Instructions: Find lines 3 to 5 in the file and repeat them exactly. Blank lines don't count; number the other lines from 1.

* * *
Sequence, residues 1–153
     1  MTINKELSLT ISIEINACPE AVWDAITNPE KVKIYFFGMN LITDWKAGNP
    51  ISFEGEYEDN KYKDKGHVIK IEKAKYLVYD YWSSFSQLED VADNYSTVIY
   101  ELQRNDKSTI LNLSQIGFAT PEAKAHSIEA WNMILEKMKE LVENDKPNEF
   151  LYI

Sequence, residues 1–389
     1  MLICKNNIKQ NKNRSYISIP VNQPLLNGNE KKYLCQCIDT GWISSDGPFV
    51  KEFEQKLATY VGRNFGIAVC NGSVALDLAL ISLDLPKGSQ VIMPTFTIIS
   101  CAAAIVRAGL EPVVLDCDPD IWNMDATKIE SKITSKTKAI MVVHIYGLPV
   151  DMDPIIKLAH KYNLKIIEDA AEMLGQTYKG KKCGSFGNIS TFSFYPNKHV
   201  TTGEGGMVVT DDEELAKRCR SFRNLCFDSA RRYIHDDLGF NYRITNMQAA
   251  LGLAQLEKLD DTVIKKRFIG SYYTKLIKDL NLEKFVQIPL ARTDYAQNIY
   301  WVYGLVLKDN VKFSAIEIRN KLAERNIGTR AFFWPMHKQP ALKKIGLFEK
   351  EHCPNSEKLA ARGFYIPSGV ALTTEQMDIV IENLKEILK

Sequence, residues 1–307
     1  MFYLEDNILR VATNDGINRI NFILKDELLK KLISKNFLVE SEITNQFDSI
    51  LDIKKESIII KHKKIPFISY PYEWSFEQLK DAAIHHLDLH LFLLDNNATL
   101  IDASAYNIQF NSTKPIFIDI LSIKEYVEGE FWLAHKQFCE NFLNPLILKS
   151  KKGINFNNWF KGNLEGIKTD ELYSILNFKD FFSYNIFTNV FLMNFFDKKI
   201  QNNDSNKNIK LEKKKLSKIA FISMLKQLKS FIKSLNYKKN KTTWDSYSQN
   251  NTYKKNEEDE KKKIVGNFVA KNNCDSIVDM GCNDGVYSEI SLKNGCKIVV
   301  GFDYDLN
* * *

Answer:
    51  ISFEGEYEDN KYKDKGHVIK IEKAKYLVYD YWSSFSQLED VADNYSTVIY
   101  ELQRNDKSTI LNLSQIGFAT PEAKAHSIEA WNMILEKMKE LVENDKPNEF
   151  LYI